Ludwig Wandinger – Eat the Rich (Original Score)


Berlin-based events organizers and label Creamcake are pleased to announce their latest release, Ludwig Wandinger’s Eat the Rich (Original Score) album 

Having participated in 3hd: “Let Them Eat Cake” last year, the producer, performer, and visual artist provided music for the festival’s pièce de résistance—a collaborative dramaturgy of performance, conversation, and food called “Eat the Rich.” The two-day banquet held at HAU Hebbel am Ufer was catered by artist and cook Caique Tizzi and named after the political slogan opposing wealth inequality and popularized during the French Revolution. Featuring a number of interdisciplinary artists—with Arvida Byström, Élie Autin, and Cassie Augusta Jørgensen among them—Wandinger’s soundtrack to these evenings of delightful resistance is an exquisite suite of seven MIDI movements, inspired by the event’s luxurious Baroque themes.

Eat the Rich (Original Score) tumbles in on the 11-minute atmosphere of opener “Flower Still,” its metrical harpsichord-sounding prelude blooming into delicate pads and choral patches that draw the listener into its world of decadence and escape. That track is followed by the ambiguous narrative thrust of structured three-to-four minute numbers, whether in the cyclic breathlessness of “The Jester’s Ritual” or the orchestral ebb of closer “Engouement” (French for “fad”). There’s another extended listen in the menacing swell of “The Lurking Dance,” while a sense of longing and wanderlust is led by a cascade of string samples on “Fernweh Poitrine.” As melancholic as it is hopeful, Wandinger’s compositions reflect on the “Eat the Rich” narratives of death and decay, beauty and power.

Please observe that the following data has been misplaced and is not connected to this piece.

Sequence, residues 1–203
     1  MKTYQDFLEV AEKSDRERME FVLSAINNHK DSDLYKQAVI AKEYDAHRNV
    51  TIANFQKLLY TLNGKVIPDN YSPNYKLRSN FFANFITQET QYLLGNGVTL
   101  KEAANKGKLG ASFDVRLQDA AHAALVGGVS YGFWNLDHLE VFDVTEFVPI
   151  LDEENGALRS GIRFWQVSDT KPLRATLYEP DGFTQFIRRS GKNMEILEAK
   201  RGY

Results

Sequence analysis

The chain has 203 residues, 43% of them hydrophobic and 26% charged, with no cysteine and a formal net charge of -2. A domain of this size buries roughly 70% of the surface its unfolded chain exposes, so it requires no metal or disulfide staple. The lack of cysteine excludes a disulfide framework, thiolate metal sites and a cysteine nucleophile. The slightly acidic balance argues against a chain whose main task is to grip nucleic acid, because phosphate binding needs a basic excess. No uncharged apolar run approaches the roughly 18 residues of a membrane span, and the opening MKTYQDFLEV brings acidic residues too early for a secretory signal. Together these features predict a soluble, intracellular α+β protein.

The artist himself is no stranger to the intersensory and interdisciplinary nature of the feast he scored. Working in both the audio, as well as visual fields under the multimedia digital art moniker of “kirschbluetenimwind,” Wandinger has shown his work across Europe and around the world. He often marries these mediums to cross-format, synaesthetic effect, whether it’s in the cover art for his 2021 cassette release on Orange Milk Records, Rooms, or his animation and sound piece “Modern Church,” presented as part of Vienna’s Keyframe digital art exhibition in 2022. Wandinger has also worked extensively scoring a number of choreographer Kianí del Valle’s dance performances, and is one of 16 artists selected to participate in a two-year residency for experimental music festival Monheim Triennale. With releases on labels like Gin&Platonic, and compilations like the Mutants Mixtape series—as well as co-production credits on PAN and Genot Centre—Wandinger’s work is an equal parts spontaneous and intentional organism of rhythm and sound design by a master of his field.

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